Hillman on TABOR
Mark Hillman writes, “In Colorado’s current budget crunch, leading Democratic lawmakers wouldn’t dream of admitting that they should have socked away a little money when the economy was growing or that they should have been more conservative in adopting this year’s budget. Now, it’s time to blame the state constitution — namely, the Taxpayer’s Bill of Rights.”
This may become a huge fight over the next year or two. Again.
Sean Paige points out something that should be obvious: corporate welfare is inherently politicized.
“The nonpartisan Tax Foundation estimated the cost of tax-code compliance last year at $300 billion. Meanwhile, the IRS reports individuals and businesses spend roughly 7.6 billion hours a year tracking receipts, accounting for expenses and performing all the other exercises that are necessary to file accurate tax returns.”
Such figures may not seem so high given the recent spate of profligate federal spending, but it still amounts to around a thousand dollars for every person. The cost may be somewhat inflated because, absent an income tax, people might still do much of the same tracking for other reasons, but still. Our political leaders seem hell-bent on driving our economy into the ground.
Charles Krauthammer succinctly summarizes the so-called “stimulus” package: “[S]o much for the promise to banish the money changers and influence peddlers from the temple.”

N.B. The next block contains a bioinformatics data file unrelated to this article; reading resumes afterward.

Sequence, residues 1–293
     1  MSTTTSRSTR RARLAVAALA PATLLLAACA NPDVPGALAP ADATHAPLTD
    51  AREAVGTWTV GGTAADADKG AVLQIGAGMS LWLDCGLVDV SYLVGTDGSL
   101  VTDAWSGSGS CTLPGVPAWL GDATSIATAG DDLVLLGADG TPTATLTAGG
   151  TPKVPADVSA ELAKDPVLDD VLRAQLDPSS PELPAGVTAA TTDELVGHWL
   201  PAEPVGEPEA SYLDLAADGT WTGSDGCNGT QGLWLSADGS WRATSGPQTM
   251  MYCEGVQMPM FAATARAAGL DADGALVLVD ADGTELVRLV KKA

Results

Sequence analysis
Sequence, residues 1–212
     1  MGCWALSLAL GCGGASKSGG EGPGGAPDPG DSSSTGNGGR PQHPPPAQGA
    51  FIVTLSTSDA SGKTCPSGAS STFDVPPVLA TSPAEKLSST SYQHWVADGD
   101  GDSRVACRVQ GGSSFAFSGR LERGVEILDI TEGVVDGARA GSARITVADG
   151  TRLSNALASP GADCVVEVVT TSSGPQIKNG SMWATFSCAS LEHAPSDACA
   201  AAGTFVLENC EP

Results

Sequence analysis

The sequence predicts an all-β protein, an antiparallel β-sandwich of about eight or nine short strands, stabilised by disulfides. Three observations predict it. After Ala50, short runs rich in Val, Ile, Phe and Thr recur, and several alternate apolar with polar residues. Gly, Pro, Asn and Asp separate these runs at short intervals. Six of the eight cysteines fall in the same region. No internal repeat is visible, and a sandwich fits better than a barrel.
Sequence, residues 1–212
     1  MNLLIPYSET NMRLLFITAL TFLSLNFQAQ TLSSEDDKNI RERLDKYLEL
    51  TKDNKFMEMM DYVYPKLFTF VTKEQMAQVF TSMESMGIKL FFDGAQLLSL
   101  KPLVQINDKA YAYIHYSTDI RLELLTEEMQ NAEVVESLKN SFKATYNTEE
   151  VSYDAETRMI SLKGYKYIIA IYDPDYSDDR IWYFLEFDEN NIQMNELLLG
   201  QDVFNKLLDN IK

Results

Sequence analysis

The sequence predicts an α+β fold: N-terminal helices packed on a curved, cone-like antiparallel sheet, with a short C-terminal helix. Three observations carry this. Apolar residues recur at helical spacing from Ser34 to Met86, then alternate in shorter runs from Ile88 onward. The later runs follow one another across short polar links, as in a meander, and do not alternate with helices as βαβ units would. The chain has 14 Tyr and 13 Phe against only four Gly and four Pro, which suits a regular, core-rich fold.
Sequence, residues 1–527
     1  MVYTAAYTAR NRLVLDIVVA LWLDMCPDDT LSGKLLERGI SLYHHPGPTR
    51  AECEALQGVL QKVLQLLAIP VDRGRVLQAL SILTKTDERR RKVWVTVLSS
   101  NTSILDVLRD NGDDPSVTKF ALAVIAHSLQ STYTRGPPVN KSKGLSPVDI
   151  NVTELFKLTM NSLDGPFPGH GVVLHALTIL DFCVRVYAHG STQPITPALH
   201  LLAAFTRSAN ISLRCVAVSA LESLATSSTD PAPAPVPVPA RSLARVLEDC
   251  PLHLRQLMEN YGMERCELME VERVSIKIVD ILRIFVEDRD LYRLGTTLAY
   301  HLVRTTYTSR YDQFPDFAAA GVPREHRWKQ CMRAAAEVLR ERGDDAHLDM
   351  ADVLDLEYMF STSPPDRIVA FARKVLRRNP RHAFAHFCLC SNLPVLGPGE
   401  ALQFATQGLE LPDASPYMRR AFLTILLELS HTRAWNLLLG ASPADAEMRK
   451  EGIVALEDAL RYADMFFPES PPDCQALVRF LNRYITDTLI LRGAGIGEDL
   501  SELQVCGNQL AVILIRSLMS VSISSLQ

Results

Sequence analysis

Kopel Versus Amateur Media
Dave Kopel points out that professional journalists tend to write better stories than amateurs. Hardly a surprise. But his example doesn’t do justice to his case: he discusses coverage of a hockey game. Nobody will care who won a hockey game five or fifty years from now. I don’t care if all sports and entertainment “news” is written by amateurs.
But real news is very difficult to gather. Covering the state legislature, for example, is a full-time job, and a difficult one to do right. Of course, ambitious amateurs can and do produce good material, but they are necessarily limited by time constraints. The huge problem is that paid journalists often produce amateurish content.
Take, for instance, an article by Bernie Morson for the Rocky Mountain News. It is essentially cheer-leading for environmentalist causes.
Morson writes, “At the legislature, HB 1126 by Rep. Dickie Lee Hullinghorst, D-Boulder, and HB 1149 by Rep. Michael Merrifield, D-Colorado Springs, encourage solar energy.” “Encourages?” As in, the bills state, “Resolved: The legislature would really like to encourage people to think about using solar energy”? I somehow doubt it.
Maybe if newspapers produced professional content more often, more people would read them.